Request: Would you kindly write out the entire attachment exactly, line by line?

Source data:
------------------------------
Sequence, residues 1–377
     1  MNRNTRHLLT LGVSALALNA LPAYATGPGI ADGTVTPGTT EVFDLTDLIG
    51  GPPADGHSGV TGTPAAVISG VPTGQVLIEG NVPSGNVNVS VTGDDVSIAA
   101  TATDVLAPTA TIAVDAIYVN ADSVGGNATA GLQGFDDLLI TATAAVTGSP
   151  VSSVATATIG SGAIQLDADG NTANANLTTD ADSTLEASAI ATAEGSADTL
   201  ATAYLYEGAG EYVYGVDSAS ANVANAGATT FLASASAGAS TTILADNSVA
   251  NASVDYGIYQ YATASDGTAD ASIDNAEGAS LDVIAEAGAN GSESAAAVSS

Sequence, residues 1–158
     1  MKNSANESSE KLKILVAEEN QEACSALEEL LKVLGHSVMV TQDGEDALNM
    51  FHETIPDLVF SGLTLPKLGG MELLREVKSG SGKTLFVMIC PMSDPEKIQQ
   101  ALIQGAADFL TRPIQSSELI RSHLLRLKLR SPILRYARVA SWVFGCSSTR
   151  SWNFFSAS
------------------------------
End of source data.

Sequence, residues 1–377
     1  MNRNTRHLLT LGVSALALNA LPAYATGPGI ADGTVTPGTT EVFDLTDLIG
    51  GPPADGHSGV TGTPAAVISG VPTGQVLIEG NVPSGNVNVS VTGDDVSIAA
   101  TATDVLAPTA TIAVDAIYVN ADSVGGNATA GLQGFDDLLI TATAAVTGSP
   151  VSSVATATIG SGAIQLDADG NTANANLTTD ADSTLEASAI ATAEGSADTL
   201  ATAYLYEGAG EYVYGVDSAS ANVANAGATT FLASASAGAS TTILADNSVA
   251  NASVDYGIYQ YATASDGTAD ASIDNAEGAS LDVIAEAGAN GSESAAAVSS

Sequence, residues 1–158
     1  MKNSANESSE KLKILVAEEN QEACSALEEL LKVLGHSVMV TQDGEDALNM
    51  FHETIPDLVF SGLTLPKLGG MELLREVKSG SGKTLFVMIC PMSDPEKIQQ
   101  ALIQGAADFL TRPIQSSELI RSHLLRLKLR SPILRYARVA SWVFGCSSTR
   151  SWNFFSAS